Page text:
The convention, at the same time, addrest a letter to Congress, expounding their reasons for their acts, from which the following extract can not but be interesting: "It is obviously impracticable [says the address] in the federal government of these States, to secure all rights of independent sovereignty to each, and yet provide for the interest and safety of all. Individuals entering into society must give up a share of liberty to preserve the rest. The magnitude of the sacrifice must depend as well on situation and circumstance as on the object to be obtained. It is at all times difficult to draw with precision the line between those rights which must be surrendered and those which may be reserved; and on the present occasion this difficulty was increased by a difference among the several States as to their situation, extent, habits, and particular interest. In all our deliberations on this subject we kept steadily in our view that, which appears to us the greatest interest of every true American, the consolidation of our Union, in which is involved our prosperity, felicity, safety, perhaps our national existence. This important consideration, seriously and deeply imprest on our minds, led each State in the convention to be less rigid on points of inferior magnitude than might have been otherwise expected. And thus the Constitution which we now present is the result of the spirit of amity, and of that mutual deference and concession, which the peculiarity of our political situation rendered indispensable."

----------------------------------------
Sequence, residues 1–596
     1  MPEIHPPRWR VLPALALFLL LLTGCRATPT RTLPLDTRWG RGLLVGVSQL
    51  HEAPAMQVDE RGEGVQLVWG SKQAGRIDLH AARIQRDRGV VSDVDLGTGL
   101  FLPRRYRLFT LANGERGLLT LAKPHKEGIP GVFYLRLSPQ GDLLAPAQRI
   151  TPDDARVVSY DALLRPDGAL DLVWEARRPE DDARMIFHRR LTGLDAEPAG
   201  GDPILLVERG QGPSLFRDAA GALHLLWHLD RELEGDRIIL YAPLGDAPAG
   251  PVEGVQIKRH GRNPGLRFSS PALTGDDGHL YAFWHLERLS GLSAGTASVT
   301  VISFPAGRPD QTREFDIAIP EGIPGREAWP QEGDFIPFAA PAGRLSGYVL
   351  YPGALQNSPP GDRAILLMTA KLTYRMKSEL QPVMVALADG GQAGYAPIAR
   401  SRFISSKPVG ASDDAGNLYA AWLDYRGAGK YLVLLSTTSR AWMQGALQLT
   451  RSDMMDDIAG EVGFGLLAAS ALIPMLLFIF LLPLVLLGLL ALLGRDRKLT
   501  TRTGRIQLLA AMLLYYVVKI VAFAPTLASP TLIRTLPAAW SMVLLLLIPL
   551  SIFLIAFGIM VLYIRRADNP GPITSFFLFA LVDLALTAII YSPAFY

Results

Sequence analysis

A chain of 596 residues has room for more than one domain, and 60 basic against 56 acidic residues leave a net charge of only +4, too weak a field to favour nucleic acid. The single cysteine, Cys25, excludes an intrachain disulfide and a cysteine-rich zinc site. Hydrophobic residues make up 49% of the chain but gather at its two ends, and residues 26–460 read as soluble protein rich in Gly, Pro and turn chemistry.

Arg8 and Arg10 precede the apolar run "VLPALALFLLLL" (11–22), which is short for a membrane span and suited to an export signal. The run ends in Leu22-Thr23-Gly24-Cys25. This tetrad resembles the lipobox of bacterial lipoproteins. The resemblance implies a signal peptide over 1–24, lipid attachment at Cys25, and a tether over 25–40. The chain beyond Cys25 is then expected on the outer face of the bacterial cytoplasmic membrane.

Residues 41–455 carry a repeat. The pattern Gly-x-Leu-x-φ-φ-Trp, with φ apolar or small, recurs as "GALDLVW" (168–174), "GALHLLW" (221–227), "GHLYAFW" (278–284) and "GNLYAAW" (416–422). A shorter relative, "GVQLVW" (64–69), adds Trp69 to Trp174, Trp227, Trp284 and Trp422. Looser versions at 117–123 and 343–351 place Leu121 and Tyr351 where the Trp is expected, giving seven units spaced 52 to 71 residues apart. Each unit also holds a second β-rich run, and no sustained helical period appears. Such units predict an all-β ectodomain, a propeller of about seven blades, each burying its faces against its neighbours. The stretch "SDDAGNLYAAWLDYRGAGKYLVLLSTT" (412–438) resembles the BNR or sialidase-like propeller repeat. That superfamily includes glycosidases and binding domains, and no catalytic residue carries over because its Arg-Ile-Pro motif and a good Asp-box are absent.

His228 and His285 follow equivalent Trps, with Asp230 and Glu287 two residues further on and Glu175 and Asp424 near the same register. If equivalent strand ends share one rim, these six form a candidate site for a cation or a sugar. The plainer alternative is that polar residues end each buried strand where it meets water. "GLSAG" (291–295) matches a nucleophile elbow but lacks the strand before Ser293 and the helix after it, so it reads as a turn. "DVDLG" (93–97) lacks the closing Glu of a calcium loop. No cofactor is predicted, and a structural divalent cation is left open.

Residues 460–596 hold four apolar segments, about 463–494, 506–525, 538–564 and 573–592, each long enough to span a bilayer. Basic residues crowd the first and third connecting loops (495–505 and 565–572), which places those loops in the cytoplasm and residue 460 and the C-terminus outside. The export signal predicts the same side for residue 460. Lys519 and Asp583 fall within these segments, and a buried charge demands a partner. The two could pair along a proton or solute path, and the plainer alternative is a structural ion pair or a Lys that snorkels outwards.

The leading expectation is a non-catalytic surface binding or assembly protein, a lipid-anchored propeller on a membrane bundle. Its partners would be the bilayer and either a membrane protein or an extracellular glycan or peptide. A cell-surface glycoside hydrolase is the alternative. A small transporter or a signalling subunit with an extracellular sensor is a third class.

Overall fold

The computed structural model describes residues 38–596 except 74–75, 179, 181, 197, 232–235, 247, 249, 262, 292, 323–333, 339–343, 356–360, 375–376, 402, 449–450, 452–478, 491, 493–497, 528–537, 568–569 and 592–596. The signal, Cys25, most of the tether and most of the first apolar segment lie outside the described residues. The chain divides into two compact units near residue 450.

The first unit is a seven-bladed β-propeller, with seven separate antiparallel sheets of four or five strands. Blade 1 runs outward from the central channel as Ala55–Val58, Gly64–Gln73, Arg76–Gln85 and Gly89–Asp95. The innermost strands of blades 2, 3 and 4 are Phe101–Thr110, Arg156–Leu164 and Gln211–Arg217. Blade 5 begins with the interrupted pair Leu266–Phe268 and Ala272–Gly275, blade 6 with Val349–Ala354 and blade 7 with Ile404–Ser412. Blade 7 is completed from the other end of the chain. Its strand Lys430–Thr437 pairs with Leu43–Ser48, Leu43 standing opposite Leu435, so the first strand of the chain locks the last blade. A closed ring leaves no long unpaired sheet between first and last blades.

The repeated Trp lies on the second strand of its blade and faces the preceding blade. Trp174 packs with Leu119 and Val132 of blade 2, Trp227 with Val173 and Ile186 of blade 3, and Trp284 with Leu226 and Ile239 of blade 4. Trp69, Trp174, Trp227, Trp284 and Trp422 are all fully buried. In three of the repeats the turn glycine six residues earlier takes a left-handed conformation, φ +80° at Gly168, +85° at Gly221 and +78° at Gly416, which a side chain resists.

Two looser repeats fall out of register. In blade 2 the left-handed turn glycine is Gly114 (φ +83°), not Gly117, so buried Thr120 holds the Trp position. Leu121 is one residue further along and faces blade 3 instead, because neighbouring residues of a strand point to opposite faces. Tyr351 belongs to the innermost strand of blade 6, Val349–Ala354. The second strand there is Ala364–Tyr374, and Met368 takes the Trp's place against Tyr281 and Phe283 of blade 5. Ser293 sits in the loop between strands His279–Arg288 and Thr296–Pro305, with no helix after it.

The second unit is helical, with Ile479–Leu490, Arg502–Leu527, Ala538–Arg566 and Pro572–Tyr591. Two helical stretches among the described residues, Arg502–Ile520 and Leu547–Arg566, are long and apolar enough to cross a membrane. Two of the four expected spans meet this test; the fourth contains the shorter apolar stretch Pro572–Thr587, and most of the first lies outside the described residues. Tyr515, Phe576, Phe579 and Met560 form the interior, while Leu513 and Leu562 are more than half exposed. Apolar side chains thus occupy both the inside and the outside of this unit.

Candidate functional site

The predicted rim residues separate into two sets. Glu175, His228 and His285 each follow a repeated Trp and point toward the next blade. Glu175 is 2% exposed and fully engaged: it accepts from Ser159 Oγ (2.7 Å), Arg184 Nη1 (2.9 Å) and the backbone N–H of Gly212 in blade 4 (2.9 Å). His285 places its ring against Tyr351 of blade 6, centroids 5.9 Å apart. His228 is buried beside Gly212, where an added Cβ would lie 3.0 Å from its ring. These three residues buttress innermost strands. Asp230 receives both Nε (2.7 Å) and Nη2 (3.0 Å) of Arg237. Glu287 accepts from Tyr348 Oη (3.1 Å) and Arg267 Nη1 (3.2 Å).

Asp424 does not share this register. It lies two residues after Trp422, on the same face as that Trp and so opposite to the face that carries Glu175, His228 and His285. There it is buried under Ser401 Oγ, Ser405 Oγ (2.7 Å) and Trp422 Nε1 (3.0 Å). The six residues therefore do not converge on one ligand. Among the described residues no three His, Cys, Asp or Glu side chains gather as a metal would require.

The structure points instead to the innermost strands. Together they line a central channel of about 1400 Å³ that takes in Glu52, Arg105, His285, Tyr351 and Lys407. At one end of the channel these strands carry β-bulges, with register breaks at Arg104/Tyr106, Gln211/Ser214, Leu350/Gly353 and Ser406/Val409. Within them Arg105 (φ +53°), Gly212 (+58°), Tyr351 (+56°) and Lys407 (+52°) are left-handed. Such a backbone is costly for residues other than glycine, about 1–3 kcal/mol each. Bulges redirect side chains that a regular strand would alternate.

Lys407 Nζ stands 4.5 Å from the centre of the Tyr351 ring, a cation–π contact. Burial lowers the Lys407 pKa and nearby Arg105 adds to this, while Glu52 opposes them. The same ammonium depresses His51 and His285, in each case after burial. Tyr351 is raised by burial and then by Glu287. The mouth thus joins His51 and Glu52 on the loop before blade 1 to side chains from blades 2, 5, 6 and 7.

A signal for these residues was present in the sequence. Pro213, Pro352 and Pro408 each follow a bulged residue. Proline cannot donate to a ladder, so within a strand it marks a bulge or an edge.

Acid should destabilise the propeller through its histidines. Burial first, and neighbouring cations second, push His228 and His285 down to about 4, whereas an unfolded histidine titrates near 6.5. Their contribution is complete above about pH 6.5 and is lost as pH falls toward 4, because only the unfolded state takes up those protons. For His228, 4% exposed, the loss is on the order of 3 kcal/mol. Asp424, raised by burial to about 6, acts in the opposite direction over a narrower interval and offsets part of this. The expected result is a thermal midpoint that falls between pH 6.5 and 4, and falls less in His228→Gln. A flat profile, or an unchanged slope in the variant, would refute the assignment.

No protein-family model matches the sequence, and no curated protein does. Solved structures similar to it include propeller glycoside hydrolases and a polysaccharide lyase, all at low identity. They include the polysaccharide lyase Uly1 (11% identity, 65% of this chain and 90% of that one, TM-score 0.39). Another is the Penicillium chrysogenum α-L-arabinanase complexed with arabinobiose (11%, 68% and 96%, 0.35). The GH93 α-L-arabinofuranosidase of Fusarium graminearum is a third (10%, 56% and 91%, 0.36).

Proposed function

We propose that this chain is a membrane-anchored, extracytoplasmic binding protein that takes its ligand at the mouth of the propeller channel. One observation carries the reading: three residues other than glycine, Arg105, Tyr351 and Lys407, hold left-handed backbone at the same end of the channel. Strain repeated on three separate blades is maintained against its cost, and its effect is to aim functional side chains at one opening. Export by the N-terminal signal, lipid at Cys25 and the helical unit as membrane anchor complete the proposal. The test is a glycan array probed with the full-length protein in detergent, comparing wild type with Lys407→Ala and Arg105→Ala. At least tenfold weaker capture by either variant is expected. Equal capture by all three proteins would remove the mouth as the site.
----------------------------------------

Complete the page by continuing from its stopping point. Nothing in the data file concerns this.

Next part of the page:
Congress, having received the report of the convention on September 28, 1787, unanimously resolved "that the said report, with the resolutions and letter accompanying the same, be transmitted to the several legislatures in order to be submitted to a convention of delegates chosen in each State by the people thereof, in conformity to the resolves of the convention, made and provided in that case."